Highsmith has provided the Library of Congress with 31,828 images (as of today, 8/18/16)– and has stipulated that they be placed in the public domain. The Library expects that number will likely approach 100,000.

I was astounded to find an outstanding contemporary photographer’s work could be freely used. No licensing fees are required to use her images, but there should be a credit line, at the least identifying her as the Creator of the work, and preferably using this Credit Line: Library of Congress, Prints & Photographs Division, photograph by Carol M. Highsmith [reproduction number, e.g., LC-USZ62-123456].

After I posted the first time about Highsmith, I learned she was seeking sponsors for an ambitious project, photographing every state so that a record may be had of what America looked like in the first decades of the 21st century.  I’ve been following her progress since she started with Alabama, with sponsorship from philanthropist George F. Landegger.

You can imagine how appalled I was to read about the gross exploitation of Highsmith’s generosity by Getty Images.

In December 2015 Highsmith received notification from Alamay Ltd.’s License Compliance Services (LCS), (on behalf of Getty Images) demanding $120 because she was in breach of Getty’s licensing terms for the content of an image she had used on her website and accusing her of copyright infringement.

The image in question: one of Highsmith’s own and one she placed in the Library of Congress with the stipulation that it be placed in the public domain.

Apparently, Getty Images had been downloading her thousands of images, placing them on its site, and demanding licensing fees, as if Getty owned the images. In other words, they were doing exactly the opposite of Highsmith’s intention, which is to allow free use of her images. Using her images is not the same as owning her images.

Getty had 18,755 of Highsmith’s photos on its site.

The way this all came to light was because Getty “scrapes” the net, looking for uses of its images and checking license fees have been paid.

Eventually the scraper hit Highsmith’s website, and the scheme was exposed. Perhaps if Getty had been careful to credit Highsmith as the photographer, they would have realized sending Highsmith a threatening letter wasn’t a good idea.

Highsmith has filed a $1 billion dollar suit.

Writing for, IP specialist Attorney Bryan Sullivan summarizes the suit:

“against Getty Images targeting the ‘gross misuse’ of 18,755 of Highsmith’s photographs. According to the suit, ‘The defendants [Getty Images] have apparently misappropriated Ms. Highsmith’s generous gift to the American people…. [They] are not only unlawfully charging licensing fees but are falsely and fraudulently holding themselves out as the exclusive copyright owner.’ Highsmith claims that Getty was unlawfully telling users that they would have to buy a copyright license from Getty to use the images. ‘Likewise, nowhere on its website does Getty identify Ms. Highsmith as the copyright owner of the work.’”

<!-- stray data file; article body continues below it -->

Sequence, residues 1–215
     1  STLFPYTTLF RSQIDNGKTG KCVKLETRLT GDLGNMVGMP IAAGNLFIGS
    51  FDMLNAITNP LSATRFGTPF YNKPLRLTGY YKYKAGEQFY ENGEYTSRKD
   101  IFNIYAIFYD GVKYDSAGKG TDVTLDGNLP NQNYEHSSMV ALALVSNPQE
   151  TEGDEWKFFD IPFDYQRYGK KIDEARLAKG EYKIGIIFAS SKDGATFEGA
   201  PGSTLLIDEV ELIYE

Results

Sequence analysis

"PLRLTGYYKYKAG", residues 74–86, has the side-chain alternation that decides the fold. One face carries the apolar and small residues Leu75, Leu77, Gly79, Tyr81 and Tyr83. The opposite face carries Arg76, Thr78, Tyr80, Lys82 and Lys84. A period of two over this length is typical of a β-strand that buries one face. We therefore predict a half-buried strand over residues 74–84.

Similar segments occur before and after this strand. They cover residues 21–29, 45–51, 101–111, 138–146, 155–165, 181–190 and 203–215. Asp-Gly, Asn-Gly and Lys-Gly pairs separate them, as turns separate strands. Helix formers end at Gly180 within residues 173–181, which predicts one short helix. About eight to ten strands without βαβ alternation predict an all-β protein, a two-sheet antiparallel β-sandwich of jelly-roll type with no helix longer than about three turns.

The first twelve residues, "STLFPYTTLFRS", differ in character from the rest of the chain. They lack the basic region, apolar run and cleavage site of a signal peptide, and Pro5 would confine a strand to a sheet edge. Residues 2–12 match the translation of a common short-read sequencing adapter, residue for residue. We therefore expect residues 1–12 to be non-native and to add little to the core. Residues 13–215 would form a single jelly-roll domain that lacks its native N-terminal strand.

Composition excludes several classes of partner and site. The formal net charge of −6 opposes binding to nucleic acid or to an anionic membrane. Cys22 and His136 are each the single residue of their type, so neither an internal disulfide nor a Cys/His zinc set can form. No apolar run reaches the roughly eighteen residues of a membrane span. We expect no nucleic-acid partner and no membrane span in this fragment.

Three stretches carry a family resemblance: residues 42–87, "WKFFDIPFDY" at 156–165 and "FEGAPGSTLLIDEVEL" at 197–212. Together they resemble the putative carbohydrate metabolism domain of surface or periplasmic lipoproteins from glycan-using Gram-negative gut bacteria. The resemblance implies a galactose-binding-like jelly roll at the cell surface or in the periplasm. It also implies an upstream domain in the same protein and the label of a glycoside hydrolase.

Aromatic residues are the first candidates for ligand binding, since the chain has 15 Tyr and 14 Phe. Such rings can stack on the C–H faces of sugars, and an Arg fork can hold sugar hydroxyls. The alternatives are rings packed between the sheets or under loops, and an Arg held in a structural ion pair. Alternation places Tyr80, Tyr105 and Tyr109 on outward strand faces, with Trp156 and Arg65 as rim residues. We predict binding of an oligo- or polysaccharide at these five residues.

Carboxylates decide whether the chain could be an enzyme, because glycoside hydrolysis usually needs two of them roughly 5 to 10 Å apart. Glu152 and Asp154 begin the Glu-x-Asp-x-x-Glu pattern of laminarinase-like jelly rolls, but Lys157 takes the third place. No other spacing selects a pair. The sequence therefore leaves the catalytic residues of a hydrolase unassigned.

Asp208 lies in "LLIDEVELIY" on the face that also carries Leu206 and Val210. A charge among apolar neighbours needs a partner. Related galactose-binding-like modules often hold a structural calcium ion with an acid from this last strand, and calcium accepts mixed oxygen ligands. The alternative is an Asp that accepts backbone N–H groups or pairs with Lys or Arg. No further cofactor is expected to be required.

Sullivan expects Getty will settle out of court.

A prediction: when she wins, Highsmith’s life will change in one way. She won’t have to seek sponsorships to make it possible for her to work night and day, and this means she’ll have more time to document America.

You can follow Highsmith’s travels on Facebook (Carol M. Highsmith’s America).

Here are four of Highsmith’s photos: “Porter Sculpture Park, Montrose, South Dakota,” “Alpine lakes and forest, Denali National Park, Alaska,” “Monument Valley View, Arizona,” and “July 4th fireworks, Washington, D.C.”Porter Sculpture Park

Alpine lakes and forest, in Denali National Park, Alaska04002rWashington, D.C. July 4th Fireworks

Credits: Library of Congress, Prints & Photographs Division, photographs by Carol M. Highsmith [ LC-DIG-highsm-04547, LC-DIG-highsm-04272, LC-DIG-highsm-04002, LC-DIG-highsm-04460]

ESLD: Holding Steady

This week marks the first anniversary of what I for many months felt was a final descent. In the course of three weeks I had a massive esophageal bleed at my mother’s deathbed, had a transjugular intrahepatic portosystemic shunt (TIPS) installed, and was hospitalized with hepatic encephalopathy.

It took until April 21 for me to stop thinking about dying and to begin to think about living. The evening of the 20th I took a half-dose (by mistake) of a new sleep drug, and I had a paradoxical reaction: I could not sleep at all. I was awake for about 36 hours, and if you have ever experienced that, you know that around about hour 32, things can start to get quite interesting. It was Earth Day, and for three hours in the late afternoon I did nothing but watch the changing colors of the green leaves at the day turned to dusk.

And the next day I felt like my brain‘s reset button had been engaged.

I hit a plateau, I guess. It’s like I had been falling, falling, falling into the abyss but then the fall was interrupted, as if I had landed on an anomaly in the walls of this abyss, some unanticipated protuberance.

This doesn’t mean I can get all together out of the abyss; eventually the protuberance will erode, and the fall resume, but it isn’t happening now.

Now I have some distance from the events of the past year, perhaps I can describe some of those psycho-social aspects of my situation.